Ludwik Lazarus Zamenhof
Likes: tolerance, peace, languages
Dislikes: prejudice, cultural misunderstanding, nationalisms of any kind
Nickname: ‘Doctor Hopeful’
Personality traits: idealism, endeavour, perseverance
A bit about me:
I am from Bialystok, Poland. I grew up bilingual, thanks to my parents who raised me in both Russian and Yiddish. My city, in those days, resembled the Tower of Babel, populated with people from diverse ethnic backgrounds, who spoke so many different languages and dialects: Yiddish of course, but also Polish, Belarusian, German, Russian, Tatar… Unfortunately, very much like in the biblical story, they were unable to understand each other, divided as they were, by their respective languages.
I became a physician but I have always been interested in languages. As a boy, I managed to learn a few with the help of my father. He taught me French and German. Later on, I learnt some English and even got into some Lithuanian and Italian. Alongside modern languages, I also studied classical languages such as Latin, Greek, Hebrew and Aramaic, while at school. I am, in fact, passionate about languages!
Where I grew up, on the Polish-Russian border, racial and national conflicts were common place. It caused me much sadness and frustration to witness cultural misunderstanding, prejudices, and even deep hatred developing between various ethnic groups. I understood it as being the negative consequences of people’s inability to communicate outside their own linguistic group.
Something had to be done to overcome the linguistic barrier. So, using my knowledge of several European languages, I created a new, neutral, easy to use language, as a tool for universal communication: a language that could transcend national divides and unite people beyond their cultural differences. A language that would not belong to me, or to any nation in particular, but that would belong to anyone who chooses to use it. Who knows, perhaps one day, this could contribute to preventing wars…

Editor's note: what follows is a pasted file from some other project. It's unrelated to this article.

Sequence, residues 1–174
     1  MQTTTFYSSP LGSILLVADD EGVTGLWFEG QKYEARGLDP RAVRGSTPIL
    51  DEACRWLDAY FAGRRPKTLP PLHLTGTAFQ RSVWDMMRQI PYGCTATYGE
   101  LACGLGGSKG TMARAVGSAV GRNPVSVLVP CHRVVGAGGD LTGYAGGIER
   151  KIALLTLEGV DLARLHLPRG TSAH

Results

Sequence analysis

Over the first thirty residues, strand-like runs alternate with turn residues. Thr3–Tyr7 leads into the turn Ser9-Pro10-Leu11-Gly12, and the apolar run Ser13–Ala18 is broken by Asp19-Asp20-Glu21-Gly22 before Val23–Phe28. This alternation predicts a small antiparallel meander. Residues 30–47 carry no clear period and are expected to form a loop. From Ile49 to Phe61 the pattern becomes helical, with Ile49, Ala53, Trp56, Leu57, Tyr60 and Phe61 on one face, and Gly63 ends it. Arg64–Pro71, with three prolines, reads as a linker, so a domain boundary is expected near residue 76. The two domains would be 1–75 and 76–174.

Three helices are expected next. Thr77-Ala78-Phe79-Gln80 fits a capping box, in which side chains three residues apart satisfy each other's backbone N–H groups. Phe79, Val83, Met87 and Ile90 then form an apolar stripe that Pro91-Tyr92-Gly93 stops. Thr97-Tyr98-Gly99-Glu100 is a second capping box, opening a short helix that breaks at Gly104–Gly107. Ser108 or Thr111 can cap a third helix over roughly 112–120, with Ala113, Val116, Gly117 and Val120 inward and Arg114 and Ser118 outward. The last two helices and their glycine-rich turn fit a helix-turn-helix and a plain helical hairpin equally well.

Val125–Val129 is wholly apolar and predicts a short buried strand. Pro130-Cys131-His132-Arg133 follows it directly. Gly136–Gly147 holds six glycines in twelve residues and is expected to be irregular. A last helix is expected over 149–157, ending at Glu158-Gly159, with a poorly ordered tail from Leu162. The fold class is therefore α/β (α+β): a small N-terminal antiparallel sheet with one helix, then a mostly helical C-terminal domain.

I called it ‘Lingvo internacia’ (international language), but people preferred to call it Esperanto, in reference to my pseudonym ‘Doktoro Esperanto’.
I am looking for:
Someone with whom I could dream of a better, more egalitarian world. Someone, who, like me, would “imagine all the people, living life in peace”.
You may say I'm a dreamer, but I'm not the only one! I really hope someday, you’ll join me and the world will live as one!
Does Ludwik speak your language? Cast your vote!
This article is part of a collection produced for Valentine’s Day. Who would you select for your Valentine from these iconic figures? See the collection and cast your vote by going to Past-Time Lover.
Illustrator: Neil Arnold